Co-axial laser triggered injection of electrons in PWFA can produce high quality witness bunches. In this study, angled injection was examined in a pursuit to increase the tolerance levels of synchronization and experimental misalignments while maintaining the high quality of the witness bunches.
Many works have highlighted the great potential of the plasma photocathode PWFA scheme as regards the production of ultrahigh quality witness bunches in terms of high brightness and low emittance. However, both the synchronization and the alignment of electron injection within the blowout are challenging. Although low intensity and energy laser pulses are much more manageable than ultrahigh intensity laser pulses, as a result, the margins of experimental errors are very narrow, jeopardising the stability of the witness bunch generation and the resulting system quality. In this work, various approaches on how to reduce the sensitivity towards temporal and spatial misalignments or jitter are discussed. The use of angled injection in combination with tailored and confined trapping potential looks very promising, aiming at an increase of the tolerance levels of both synchronization and misalignments, while maintaining the quality of the witness bunches.
The wakefield produced by the propagation of a FACET-II-grade electron driver in an underdense pre-ionized plasma channel, was selected as a starting point with future reference. A two gas mixture (with adequately different ionization thresholds) enabled the production of both the plasma and the laser released electrons. Softly focused, long and short laser pulses, with large spot size and at various angles to the central axis of the driver propagation, were examined. The generated geometry can enable scanning of the trapping area by the laser pulse ionization front and can lead to homogeneous electron injection. As expected theoretically and also as confirmed by simulations, the combination of the geometrical characteristics of the trapping area with the pulse spot size, has a great impact on both the amount of trapped charge and its quality and the tolerance levels during an experiment. The levelling effect of angled injection is accompanied by an easier experimental setup when compared to fully collinear injection. This is a crucial step to making the scheme much more resilient towards experimental jitters and shot-to-shot variations.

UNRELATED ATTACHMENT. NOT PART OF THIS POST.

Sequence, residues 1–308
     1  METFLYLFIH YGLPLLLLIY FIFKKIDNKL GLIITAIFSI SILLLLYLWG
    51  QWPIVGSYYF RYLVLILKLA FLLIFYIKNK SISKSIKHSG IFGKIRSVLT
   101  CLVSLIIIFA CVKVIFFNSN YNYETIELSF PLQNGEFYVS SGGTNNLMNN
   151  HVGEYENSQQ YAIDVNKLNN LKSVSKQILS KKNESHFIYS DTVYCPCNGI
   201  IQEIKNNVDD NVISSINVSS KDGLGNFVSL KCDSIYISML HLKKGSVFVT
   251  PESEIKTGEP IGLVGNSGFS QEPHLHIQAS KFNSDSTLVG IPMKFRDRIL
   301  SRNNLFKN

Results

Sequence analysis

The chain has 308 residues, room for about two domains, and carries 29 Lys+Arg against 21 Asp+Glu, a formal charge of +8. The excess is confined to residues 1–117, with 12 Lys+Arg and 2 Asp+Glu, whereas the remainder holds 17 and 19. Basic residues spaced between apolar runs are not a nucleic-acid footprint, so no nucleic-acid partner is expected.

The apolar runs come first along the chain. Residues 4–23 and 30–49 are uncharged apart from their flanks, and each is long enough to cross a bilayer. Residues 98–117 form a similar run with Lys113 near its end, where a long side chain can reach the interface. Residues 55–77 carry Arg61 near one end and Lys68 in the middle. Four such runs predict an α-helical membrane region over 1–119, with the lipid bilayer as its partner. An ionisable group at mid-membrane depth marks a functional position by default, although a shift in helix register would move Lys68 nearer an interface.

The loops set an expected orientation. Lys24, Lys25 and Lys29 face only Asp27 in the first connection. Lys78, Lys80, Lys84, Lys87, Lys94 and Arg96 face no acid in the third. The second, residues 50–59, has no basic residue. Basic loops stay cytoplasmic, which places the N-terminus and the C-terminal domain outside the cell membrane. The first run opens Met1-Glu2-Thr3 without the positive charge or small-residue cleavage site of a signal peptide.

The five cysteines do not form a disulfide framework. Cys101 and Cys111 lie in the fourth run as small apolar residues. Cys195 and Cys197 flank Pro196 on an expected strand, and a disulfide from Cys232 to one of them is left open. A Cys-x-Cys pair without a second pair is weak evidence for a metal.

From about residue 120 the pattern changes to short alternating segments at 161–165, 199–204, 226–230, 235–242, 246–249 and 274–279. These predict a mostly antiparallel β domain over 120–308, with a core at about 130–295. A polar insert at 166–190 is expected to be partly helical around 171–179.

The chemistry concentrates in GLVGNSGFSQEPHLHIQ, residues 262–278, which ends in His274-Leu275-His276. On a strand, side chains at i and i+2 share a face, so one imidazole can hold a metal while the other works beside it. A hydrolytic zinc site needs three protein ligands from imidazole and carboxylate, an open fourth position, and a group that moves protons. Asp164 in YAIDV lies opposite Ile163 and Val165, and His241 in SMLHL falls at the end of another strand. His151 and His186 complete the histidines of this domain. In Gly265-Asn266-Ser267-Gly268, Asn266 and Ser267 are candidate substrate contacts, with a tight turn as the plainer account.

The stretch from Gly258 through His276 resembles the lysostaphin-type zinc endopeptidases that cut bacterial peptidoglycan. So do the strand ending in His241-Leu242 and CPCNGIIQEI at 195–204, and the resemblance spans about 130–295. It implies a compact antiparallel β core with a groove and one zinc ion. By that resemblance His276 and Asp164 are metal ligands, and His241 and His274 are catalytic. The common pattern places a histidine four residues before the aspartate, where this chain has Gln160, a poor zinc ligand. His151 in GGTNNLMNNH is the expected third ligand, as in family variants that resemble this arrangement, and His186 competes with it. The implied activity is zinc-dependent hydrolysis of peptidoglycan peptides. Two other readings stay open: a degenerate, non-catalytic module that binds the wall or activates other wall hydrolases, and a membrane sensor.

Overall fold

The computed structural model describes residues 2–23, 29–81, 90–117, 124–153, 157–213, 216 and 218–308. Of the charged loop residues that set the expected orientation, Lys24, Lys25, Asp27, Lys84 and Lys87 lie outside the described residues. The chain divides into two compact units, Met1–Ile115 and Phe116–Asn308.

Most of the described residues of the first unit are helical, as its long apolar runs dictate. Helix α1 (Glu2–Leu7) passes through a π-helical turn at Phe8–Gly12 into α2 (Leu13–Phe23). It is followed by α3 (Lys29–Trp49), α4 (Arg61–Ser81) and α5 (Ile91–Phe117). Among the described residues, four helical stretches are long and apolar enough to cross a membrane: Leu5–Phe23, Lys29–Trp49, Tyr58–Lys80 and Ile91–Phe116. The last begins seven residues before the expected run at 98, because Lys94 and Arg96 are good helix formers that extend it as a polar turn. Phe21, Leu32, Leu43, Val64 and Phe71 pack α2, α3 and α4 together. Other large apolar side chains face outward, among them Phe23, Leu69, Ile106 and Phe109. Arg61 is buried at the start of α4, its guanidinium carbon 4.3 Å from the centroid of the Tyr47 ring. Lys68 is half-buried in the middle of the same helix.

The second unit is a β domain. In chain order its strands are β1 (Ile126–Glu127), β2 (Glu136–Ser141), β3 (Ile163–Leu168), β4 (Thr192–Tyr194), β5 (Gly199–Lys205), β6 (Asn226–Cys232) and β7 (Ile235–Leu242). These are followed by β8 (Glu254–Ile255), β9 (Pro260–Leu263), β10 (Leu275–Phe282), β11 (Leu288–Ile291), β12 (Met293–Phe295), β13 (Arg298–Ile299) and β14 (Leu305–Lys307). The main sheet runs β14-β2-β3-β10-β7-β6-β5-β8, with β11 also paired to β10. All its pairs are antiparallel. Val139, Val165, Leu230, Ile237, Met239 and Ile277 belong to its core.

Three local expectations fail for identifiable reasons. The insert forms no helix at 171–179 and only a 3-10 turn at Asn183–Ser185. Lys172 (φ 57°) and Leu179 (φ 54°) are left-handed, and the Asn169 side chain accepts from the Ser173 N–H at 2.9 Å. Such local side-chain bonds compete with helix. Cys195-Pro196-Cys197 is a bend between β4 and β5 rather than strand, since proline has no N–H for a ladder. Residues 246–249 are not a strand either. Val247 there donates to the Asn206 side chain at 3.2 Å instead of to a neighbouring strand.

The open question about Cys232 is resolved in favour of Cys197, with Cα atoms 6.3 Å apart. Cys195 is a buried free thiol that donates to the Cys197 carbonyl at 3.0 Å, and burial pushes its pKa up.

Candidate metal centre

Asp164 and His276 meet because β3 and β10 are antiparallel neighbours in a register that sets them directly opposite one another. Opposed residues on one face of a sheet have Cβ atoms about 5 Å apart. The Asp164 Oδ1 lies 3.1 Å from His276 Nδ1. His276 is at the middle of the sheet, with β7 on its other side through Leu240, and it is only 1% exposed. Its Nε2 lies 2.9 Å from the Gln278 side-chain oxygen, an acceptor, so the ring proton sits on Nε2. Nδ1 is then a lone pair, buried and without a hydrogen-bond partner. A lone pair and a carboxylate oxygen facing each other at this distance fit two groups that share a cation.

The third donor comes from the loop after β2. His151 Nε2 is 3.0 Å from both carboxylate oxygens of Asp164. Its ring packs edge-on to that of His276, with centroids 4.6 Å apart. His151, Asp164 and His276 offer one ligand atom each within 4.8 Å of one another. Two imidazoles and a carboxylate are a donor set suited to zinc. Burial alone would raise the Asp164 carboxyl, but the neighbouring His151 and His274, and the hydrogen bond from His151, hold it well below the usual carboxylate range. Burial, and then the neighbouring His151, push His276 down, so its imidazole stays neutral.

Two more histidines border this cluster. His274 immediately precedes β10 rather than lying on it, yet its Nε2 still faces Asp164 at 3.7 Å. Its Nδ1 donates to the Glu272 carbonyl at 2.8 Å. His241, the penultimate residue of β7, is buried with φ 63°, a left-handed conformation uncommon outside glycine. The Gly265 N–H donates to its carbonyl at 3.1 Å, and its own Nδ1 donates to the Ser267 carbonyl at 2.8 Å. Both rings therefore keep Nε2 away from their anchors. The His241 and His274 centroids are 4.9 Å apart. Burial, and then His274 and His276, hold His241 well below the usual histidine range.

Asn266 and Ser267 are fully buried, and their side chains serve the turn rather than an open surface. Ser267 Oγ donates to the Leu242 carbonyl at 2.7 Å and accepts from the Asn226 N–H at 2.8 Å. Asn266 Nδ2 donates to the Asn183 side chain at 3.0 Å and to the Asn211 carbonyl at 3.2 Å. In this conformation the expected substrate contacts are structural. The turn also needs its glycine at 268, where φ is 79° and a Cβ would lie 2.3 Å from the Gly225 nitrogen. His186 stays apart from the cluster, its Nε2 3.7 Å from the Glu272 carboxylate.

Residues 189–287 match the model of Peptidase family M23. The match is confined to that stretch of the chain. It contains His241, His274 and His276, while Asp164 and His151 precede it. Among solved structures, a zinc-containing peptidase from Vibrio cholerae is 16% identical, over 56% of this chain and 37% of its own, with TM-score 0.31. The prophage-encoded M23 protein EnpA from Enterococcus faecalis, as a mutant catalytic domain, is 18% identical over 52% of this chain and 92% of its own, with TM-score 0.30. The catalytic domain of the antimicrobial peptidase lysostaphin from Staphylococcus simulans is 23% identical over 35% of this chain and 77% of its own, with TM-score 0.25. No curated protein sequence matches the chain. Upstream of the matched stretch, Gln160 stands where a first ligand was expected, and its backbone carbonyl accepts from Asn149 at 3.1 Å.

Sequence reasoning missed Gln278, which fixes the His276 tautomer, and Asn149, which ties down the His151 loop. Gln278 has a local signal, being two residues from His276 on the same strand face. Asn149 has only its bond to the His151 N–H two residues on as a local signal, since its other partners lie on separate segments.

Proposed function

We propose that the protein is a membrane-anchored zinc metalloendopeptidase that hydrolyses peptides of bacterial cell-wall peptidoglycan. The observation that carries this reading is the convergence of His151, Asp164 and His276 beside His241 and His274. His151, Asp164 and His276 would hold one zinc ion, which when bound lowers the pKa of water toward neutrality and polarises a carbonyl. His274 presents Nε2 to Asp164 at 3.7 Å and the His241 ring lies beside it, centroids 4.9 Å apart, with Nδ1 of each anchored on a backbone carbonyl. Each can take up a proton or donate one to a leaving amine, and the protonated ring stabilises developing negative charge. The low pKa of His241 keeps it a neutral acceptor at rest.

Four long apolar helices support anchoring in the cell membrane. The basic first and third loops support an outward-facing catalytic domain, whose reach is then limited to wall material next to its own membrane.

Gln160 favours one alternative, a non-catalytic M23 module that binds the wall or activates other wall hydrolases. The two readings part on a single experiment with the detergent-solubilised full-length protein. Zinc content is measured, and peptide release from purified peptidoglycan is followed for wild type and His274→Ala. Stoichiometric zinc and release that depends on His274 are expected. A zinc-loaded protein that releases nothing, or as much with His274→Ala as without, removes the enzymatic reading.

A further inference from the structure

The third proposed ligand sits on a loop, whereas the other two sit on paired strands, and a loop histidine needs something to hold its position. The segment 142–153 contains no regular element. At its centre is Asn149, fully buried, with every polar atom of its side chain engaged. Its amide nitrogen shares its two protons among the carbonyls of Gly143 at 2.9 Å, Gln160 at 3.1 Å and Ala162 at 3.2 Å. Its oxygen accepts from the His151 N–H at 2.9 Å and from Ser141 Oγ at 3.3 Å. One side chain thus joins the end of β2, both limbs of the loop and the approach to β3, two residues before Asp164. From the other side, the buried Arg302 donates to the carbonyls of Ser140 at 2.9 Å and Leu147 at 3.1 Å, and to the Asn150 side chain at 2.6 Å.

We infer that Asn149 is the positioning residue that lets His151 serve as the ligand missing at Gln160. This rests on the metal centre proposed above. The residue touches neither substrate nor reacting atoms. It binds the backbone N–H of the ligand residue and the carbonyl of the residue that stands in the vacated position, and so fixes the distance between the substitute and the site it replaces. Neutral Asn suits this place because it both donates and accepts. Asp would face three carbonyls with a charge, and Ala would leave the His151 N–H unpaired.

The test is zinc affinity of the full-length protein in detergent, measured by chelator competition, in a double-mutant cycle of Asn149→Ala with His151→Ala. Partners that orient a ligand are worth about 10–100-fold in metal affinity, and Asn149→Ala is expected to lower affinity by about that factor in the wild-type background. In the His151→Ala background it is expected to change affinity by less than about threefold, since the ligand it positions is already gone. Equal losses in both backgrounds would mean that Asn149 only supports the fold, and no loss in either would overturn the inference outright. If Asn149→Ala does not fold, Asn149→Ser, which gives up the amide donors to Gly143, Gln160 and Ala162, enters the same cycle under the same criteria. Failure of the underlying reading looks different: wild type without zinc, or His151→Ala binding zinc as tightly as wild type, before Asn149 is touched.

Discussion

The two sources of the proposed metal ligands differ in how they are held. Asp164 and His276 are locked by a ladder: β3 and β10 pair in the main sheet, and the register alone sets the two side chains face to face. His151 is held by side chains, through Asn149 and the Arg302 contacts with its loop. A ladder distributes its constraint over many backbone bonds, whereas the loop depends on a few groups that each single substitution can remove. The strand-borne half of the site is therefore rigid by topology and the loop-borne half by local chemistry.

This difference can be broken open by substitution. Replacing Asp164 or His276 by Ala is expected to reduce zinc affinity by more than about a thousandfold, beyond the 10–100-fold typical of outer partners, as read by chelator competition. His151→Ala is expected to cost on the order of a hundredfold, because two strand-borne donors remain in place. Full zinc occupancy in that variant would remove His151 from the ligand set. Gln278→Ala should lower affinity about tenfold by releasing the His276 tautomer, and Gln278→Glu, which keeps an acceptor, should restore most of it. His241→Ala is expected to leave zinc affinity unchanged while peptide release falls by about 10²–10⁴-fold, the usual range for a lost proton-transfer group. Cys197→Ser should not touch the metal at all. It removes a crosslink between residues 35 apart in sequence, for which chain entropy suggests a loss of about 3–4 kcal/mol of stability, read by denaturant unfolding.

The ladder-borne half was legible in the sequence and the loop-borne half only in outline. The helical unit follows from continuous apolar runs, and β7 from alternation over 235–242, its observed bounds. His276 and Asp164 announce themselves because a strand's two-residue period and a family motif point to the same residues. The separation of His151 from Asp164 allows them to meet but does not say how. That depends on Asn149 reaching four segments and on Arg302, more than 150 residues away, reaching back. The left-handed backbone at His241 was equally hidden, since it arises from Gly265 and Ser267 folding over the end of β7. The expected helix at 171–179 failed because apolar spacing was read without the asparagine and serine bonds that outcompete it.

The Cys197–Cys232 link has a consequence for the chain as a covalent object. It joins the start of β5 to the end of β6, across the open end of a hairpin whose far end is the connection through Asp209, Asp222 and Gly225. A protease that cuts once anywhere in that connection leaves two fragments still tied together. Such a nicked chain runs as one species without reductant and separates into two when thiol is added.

|Are you a student?||Yes|